Judiciary in Jamaica

The legal and judicial system is based on English common law and practice. The judicature comprises the supreme court, a court of appeals, resident magistrates’ courts, petty sessional courts, and other courts.

Political Parties of Jamaica

Jamaica has two main political parties: the People’s National Party (PNP), which is socialist in orientation, and the Jamaica Labour Party (JLP), which supports free enterprise in a mixed economy. Minor parties include the National Democratic Movement, Natural Law Party, and United People’s Party.


Members of the Arawak tribe, an important group of the Arawakan linguistic stock of Native North Americans, were the aboriginal inhabitants of Jamaica (the Arawakan word Xaymaca, meaning “isle of springs”). Christopher Columbus sighted the island during his second voyage, and it became a Spanish colony in 1509. Saint Jago de la Vega (now Spanish Town), the first settlement and, for the ensuing 350 years, the capital, was founded about 1523. Colonization was slow under Spanish rule. The Arawak quickly died out as a result of harsh treatment and diseases. African slaves were imported to overcome the resultant labor shortage.

British Colony in Jamaica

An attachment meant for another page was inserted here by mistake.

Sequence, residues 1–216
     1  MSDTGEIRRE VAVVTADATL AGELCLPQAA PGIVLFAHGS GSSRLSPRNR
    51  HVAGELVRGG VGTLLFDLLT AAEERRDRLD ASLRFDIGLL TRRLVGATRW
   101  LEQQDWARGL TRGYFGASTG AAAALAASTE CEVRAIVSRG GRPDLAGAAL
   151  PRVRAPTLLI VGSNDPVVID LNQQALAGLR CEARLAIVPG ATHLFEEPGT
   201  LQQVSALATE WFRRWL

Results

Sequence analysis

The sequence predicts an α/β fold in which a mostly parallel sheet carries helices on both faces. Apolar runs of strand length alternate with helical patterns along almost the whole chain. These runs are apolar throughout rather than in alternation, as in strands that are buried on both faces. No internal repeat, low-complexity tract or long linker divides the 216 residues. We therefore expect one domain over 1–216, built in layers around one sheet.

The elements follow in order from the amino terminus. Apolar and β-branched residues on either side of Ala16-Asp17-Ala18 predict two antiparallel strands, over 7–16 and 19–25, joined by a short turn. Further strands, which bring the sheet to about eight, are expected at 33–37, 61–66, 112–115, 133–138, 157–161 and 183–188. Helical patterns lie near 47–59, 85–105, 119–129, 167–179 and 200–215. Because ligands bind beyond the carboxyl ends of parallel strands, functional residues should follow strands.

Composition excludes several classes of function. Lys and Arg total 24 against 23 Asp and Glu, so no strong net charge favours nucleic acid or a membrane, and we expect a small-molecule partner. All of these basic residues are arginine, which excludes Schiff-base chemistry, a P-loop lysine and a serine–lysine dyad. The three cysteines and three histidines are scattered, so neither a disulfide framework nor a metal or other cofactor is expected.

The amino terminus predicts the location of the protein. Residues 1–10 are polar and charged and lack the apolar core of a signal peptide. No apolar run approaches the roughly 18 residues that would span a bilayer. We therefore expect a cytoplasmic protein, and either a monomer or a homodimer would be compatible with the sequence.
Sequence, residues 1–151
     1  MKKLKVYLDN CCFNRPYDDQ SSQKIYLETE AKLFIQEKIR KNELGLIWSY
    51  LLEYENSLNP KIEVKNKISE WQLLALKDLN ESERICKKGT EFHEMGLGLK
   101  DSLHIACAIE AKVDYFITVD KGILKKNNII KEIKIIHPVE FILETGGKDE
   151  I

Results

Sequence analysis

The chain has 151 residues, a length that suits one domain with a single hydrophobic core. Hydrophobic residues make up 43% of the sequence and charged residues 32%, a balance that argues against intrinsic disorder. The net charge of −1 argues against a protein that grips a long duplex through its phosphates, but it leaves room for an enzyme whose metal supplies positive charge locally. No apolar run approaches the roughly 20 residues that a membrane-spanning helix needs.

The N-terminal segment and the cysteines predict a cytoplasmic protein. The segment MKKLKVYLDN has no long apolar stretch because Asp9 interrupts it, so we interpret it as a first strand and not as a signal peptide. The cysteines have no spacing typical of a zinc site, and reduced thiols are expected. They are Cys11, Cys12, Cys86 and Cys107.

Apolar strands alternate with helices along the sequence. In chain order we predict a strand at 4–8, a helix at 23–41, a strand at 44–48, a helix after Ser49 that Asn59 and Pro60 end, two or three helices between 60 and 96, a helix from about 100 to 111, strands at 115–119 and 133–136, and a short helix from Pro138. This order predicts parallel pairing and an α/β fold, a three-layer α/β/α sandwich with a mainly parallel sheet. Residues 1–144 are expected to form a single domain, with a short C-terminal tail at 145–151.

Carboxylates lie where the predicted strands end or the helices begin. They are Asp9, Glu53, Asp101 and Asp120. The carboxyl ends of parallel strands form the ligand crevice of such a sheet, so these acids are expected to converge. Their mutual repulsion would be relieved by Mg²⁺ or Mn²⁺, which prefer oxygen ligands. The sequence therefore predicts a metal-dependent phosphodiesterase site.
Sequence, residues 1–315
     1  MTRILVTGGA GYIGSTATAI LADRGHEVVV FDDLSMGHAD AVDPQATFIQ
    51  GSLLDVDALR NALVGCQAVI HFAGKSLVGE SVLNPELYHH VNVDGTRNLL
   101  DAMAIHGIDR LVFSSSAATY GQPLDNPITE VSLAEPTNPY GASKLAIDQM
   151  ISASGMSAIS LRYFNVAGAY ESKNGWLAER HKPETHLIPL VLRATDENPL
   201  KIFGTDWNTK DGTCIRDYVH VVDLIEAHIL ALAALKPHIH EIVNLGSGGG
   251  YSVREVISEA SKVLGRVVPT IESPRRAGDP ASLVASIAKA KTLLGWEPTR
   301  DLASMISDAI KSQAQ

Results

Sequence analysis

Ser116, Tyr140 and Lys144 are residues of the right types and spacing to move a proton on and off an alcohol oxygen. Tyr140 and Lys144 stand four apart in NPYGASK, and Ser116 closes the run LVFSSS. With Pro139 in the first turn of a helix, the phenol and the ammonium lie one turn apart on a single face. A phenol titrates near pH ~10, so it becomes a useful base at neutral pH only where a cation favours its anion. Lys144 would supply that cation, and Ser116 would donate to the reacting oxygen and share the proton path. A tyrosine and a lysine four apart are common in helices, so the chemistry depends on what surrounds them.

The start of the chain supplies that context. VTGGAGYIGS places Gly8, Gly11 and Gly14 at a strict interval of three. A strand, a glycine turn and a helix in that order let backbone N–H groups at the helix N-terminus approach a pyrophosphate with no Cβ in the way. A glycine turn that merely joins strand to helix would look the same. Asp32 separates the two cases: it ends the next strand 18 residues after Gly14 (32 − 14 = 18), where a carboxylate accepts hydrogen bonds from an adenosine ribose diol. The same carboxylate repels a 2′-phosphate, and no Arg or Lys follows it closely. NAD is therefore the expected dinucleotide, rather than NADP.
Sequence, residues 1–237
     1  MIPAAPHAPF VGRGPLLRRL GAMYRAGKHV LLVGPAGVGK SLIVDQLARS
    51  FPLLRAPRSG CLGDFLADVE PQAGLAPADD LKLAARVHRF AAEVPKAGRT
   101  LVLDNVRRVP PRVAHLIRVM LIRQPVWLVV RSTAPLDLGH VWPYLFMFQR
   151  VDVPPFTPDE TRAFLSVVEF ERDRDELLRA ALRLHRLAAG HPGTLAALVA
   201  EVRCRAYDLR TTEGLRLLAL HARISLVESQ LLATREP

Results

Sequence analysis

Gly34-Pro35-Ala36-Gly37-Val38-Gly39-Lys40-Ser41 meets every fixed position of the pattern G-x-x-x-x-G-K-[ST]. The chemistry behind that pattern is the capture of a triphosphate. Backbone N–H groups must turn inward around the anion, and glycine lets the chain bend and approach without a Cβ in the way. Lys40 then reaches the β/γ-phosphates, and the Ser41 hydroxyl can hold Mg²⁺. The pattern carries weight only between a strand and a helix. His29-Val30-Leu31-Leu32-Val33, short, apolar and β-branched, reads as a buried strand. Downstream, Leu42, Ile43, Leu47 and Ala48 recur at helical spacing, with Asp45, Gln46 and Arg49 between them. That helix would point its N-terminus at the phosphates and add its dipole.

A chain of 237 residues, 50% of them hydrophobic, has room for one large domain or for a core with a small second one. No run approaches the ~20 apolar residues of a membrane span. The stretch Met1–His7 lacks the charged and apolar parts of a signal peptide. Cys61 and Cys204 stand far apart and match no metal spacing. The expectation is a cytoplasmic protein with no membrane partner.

Jamaica was captured by an English naval force under Sir William Penn in 1655. The island was formally transferred to England in 1670 under the provisions of the Treaty of Madrid. During the final decades of the 17th century, growing numbers of English immigrants arrived; the sugar, cacao, and other agricultural and forest industries were rapidly expanded; and the consequent demand for plantation labor led to large-scale importation of black slaves. Jamaica soon became one of the principal slave-trading centers in the world. In 1692 an earthquake destroyed Port Royal, the chief Jamaican slave market, and Kingston was established nearby shortly thereafter. By parliamentary legislation passed in 1833, slavery was abolished on August 1, 1834. The act made available $30 million as compensation to the owners of the nearly 310,000 liberated slaves.